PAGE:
University processes root crops for consumption

By Sapeer Mayron ,

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Taro, sweet potato, cassava and breadfruit are just some of the crops the U.S.P food laboratory is processing to encourage Samoans to return to a traditional diet.

Taro, sweet potato, cassava and breadfruit are just some of the crops the U.S.P food laboratory is processing to encourage Samoans to return to a traditional diet. (Photo: Samoa Observer)

A dramatic shift in food consumption inspired the University of the South Pacific (U.S.P) to start processing major root crops for local consumption and export.

Taro, sweet potato, cassava and breadfruit are just some of the crops the U.S.P food laboratory is processing to encourage Samoans to return to a traditional diet.

“Health is wealth,” said Dr Alminda Fernandez at a presentation to the inaugural Farmers Forum on Monday.

According to a 2014 study on pacific regional food security, across the pacific people are eating 35 per cent less banana and esi, while spending 56 per cent of food expenditure on wheat and rice, canned foods, chicken and turkey tails.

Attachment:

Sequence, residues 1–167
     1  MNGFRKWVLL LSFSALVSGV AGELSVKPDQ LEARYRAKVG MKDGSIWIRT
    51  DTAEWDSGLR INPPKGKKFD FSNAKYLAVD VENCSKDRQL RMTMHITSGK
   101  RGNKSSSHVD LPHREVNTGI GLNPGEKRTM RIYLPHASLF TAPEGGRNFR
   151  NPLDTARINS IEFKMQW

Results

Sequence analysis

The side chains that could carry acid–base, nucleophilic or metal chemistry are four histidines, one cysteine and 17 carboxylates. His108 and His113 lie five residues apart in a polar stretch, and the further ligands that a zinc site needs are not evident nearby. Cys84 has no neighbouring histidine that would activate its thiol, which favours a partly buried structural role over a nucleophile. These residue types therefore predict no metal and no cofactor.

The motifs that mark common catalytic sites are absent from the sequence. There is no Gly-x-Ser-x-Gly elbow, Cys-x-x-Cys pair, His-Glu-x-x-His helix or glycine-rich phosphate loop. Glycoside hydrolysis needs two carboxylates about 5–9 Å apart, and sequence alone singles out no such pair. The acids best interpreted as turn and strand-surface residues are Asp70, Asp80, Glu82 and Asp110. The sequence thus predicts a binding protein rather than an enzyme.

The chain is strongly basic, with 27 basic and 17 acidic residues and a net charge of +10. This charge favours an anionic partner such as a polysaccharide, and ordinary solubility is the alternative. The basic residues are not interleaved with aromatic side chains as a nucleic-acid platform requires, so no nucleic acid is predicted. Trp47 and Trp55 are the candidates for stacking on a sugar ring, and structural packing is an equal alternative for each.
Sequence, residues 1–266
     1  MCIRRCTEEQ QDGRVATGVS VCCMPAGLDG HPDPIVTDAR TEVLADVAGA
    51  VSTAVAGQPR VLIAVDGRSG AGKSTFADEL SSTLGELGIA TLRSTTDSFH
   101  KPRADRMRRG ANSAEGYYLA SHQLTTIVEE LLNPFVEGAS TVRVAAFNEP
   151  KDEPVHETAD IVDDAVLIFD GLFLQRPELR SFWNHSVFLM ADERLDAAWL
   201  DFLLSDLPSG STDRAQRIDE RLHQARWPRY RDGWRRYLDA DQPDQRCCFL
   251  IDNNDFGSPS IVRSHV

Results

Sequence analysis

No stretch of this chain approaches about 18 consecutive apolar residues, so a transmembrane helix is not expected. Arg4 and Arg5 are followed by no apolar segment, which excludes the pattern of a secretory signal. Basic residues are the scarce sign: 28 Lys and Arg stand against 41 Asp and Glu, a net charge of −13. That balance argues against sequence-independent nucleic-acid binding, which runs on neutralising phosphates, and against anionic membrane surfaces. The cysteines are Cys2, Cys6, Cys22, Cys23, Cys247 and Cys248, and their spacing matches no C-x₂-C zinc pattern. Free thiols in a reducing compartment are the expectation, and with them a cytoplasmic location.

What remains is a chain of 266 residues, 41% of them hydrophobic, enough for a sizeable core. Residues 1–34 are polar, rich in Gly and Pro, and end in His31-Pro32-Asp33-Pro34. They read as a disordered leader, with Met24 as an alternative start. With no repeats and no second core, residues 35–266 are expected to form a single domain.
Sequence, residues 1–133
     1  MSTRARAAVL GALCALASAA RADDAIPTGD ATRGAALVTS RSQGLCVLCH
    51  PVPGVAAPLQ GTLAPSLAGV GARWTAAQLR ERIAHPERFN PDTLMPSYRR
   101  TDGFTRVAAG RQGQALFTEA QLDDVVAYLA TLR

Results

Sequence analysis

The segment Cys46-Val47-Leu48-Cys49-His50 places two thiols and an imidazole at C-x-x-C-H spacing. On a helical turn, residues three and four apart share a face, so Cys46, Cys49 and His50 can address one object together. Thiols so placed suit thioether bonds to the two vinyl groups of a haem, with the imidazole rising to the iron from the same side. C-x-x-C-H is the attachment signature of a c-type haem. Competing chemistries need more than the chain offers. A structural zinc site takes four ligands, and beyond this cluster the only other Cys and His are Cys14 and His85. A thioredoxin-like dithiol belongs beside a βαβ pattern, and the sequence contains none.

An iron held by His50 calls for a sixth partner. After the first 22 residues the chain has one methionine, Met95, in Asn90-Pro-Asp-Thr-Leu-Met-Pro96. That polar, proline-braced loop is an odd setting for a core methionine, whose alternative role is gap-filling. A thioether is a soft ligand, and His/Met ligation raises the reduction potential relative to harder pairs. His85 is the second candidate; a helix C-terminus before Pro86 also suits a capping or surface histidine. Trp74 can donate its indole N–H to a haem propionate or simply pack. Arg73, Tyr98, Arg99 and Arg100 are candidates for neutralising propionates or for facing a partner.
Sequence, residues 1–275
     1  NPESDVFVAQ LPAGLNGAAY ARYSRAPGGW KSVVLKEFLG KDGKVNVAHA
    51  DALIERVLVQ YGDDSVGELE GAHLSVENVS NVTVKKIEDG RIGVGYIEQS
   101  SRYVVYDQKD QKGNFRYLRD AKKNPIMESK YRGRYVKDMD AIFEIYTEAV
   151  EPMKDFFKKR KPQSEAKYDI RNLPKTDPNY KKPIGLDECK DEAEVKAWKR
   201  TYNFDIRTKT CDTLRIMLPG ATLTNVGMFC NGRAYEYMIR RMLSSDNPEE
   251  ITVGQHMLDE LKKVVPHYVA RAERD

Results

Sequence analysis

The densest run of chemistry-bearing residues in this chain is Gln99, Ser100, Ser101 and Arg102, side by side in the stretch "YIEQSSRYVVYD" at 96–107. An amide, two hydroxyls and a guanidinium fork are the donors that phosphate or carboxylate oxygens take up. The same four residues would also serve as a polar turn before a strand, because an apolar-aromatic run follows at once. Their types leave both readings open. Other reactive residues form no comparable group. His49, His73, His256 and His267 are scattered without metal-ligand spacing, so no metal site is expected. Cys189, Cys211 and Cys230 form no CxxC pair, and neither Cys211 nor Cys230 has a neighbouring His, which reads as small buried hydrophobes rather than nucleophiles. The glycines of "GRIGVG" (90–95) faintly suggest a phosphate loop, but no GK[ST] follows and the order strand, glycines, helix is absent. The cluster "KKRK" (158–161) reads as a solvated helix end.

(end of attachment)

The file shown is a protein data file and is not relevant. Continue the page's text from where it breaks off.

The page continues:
Many factors have contributed to this change, said Dr Fernandez, including the simple reality that these foods have become easier to access, and easier to prepare.

Unfortunately, this diet change affects the health of Samoans, and contributes to the rapid rise of non-communicable diseases here and across the Pacific.

Dr Fernandez is a lecturer in Food Technology in the School of Agriculture and Food Technology at U.S.P.

She showed the farmers forum how U.S.P is using the food laboratory to develop unique and tasty products from local root crops.

“We are making use of indigenous root crops over vegetables,” she said.

From cassava, a vegetable that allegedly prevents heart attacks, the lab has made flour, chips, cakes and cookies.

From sweet potatoes, yams and taro, they have created ice-creams, jams and baked products.

All in all, U.S.P has 70 products from ingredients they say are underutilised here in Samoa, such as okra.

“Samoans don’t eat okra, so we processed it into tea. Okra has a lot of health benefits including anti-cancer components,” Dr Fernandez said.

© Samoa Observer 2016

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